It was great to gain some inspiration from some of the other runners who where still recovering from the Javelina 100 the previous weekend...amazing athletes of all ages.
With only 30-40 other runners toeing the line, the race start was pretty low key. Even knowing the day would be long, I couldn't help get caught up in the excitement of another race start. Of course, I went out hot (fast). Too fast. Within 3 miles, my quads were on fire and I was completely winded. Not good.
As I slowed things down near the first aid station, the first real doubts entered my head. It wasn't even sure I had enough energy to finish one lap. I resolved to eat well at every aid station, keep a slower pace and just try to have fun.
The first 2/3 of the course is actually pretty flat. Gentle rollers and nicely groomed trails made for good, even running. Despite these nice trails, within the first 10 miles, I could already feel a hot spot forming on my right foot. I stopped at the second aid station, ate some food and proceeded to patch my foot with some MoleSkin (highly recommend by the way).
I was feeling pretty good leaving the second aid station but that would soon change.
I will tell you I'm a very environmentally conscious runner when it comes to trails and state parks. When I see trash, I pick it up. Today however, my good citizenship cost me some time. I must have stopped at the exact right spot to pick up some trash and completely missed the turn to head out around Pass Mountain. Arggh. I had to back-track about a half mile only to find the turn lit up like a Christmas tree.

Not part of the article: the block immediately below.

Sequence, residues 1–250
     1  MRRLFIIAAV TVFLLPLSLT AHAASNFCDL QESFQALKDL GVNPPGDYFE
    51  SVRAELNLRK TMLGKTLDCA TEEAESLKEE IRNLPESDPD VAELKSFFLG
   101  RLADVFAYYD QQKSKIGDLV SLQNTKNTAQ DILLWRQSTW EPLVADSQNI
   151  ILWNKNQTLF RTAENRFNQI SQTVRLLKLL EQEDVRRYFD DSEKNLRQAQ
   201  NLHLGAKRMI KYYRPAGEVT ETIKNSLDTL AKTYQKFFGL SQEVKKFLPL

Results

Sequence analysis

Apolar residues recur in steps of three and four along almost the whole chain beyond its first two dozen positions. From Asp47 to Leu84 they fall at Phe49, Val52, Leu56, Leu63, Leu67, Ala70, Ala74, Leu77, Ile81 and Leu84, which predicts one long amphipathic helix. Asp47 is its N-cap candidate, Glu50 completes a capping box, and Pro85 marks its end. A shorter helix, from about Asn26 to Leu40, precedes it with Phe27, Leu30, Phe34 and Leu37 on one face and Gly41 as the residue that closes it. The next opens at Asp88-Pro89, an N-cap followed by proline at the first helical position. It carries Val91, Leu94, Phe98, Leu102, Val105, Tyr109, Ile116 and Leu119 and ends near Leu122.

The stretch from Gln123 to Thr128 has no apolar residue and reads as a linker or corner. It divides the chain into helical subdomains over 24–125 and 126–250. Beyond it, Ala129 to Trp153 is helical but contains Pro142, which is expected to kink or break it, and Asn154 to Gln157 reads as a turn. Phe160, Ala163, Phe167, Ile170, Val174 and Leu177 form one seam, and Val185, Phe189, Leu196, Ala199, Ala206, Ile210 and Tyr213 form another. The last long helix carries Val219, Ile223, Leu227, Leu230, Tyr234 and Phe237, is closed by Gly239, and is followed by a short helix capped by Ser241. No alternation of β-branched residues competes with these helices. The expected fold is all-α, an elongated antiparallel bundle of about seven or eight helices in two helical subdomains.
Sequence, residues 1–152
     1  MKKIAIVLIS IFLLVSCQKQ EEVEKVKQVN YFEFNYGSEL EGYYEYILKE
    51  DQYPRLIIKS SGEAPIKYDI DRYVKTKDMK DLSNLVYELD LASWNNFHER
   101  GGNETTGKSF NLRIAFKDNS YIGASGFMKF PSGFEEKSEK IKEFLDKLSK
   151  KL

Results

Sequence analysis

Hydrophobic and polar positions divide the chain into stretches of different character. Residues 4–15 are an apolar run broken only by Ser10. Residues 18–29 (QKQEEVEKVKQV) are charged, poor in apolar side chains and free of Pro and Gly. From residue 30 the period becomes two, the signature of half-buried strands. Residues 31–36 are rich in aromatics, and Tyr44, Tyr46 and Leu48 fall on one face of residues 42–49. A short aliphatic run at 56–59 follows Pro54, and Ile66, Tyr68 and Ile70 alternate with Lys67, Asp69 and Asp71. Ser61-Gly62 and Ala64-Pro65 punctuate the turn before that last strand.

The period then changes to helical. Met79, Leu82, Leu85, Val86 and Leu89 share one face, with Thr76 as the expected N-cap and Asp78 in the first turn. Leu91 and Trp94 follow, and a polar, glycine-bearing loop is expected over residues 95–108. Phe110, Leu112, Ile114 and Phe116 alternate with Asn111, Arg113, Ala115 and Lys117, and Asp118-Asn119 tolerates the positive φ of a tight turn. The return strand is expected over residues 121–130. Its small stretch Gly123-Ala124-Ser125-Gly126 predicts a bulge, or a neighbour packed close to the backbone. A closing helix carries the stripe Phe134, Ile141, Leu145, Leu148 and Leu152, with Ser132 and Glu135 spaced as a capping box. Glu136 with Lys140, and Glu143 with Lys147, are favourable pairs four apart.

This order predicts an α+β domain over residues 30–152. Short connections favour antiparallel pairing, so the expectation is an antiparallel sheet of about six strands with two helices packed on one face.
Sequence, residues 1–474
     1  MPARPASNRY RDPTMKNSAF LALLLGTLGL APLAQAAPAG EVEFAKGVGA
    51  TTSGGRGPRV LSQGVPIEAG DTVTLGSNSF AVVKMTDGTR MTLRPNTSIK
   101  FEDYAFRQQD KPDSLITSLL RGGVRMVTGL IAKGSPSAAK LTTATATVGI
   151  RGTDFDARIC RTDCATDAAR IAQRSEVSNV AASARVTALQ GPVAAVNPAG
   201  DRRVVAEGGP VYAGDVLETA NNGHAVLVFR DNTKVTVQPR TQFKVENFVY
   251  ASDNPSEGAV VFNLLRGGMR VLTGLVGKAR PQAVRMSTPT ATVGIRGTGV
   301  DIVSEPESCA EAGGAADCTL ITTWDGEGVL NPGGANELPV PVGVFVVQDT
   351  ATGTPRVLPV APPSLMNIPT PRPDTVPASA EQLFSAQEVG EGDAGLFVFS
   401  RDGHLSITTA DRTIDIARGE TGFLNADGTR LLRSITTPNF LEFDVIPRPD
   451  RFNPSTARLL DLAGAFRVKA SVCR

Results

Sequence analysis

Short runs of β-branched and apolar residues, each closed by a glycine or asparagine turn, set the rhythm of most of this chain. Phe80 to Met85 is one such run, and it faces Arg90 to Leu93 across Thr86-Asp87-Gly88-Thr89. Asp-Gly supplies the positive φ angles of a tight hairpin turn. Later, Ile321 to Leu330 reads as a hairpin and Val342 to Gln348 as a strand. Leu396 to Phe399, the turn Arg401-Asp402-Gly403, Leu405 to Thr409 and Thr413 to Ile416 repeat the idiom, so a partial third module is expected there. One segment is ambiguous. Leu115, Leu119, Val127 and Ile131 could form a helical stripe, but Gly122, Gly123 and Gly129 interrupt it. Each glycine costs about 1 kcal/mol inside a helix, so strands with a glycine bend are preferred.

That next 8 miles would be a doozy. If it wasn't the overall elevation that got you, the trail turned rough and semi-technical. There were very few steep areas but the gradual climb was eating away my energy and overall mental fortitude. It was at the highest point of the mountain, did I really consider stopping and being satisfied with one loop (26k).
|See that light-colored rock? The trail goes up and over right about there.|
After getting to the 3rd aid station (16 miles now), I stopped and ate for a while, talked with the crew and felt surprisingly refreshed - like the last 8 miles never happened. Which surprised me. At that point, I resolved to keep going. I'm not a quitter. And today would be no different.
|Approaching maximum elevation.|
The second ascent over the mountain was definitely hard. I had to stop several times just due to the fatigue in my legs. I was facing just pure exhaustion. When you don't put in the distance, the miles take their toll.
Despite a whole lot of walking, I managed to make it up over the mountain and start the descent into the last 5-6 miles. I never really knew exactly how far I was because of the previously mentioned missed turn. In either case, I just kept running. Running felt better than walking so that's what I did. Despite the sore feet and strained quads, I just kept going. Go Forrest, go.
I was making pretty good time and anxiously awaiting the final aid station before the finish. You know how it goes though...the more you're looking for something, the longer it takes to find it. Those last 2 miles drew out like an eternity. Once there, I paused for a couple shots of cola and a refill on the water before heading out for the home-stretch.
I walked a bit more and rounded the corner to the finish only to see my friend Erik, his folks and my family hanging out and yelling my name. I get such a charge when my kids come out and run with me. They thought it was pretty awesome that they beat me to the finish line :)
Unofficial time: 7 hours 58 minutes
Another day, another 31 miles I guess. I hope to be a little more prepared for the next one. More miles. More endurance. Less pain.
See you out there.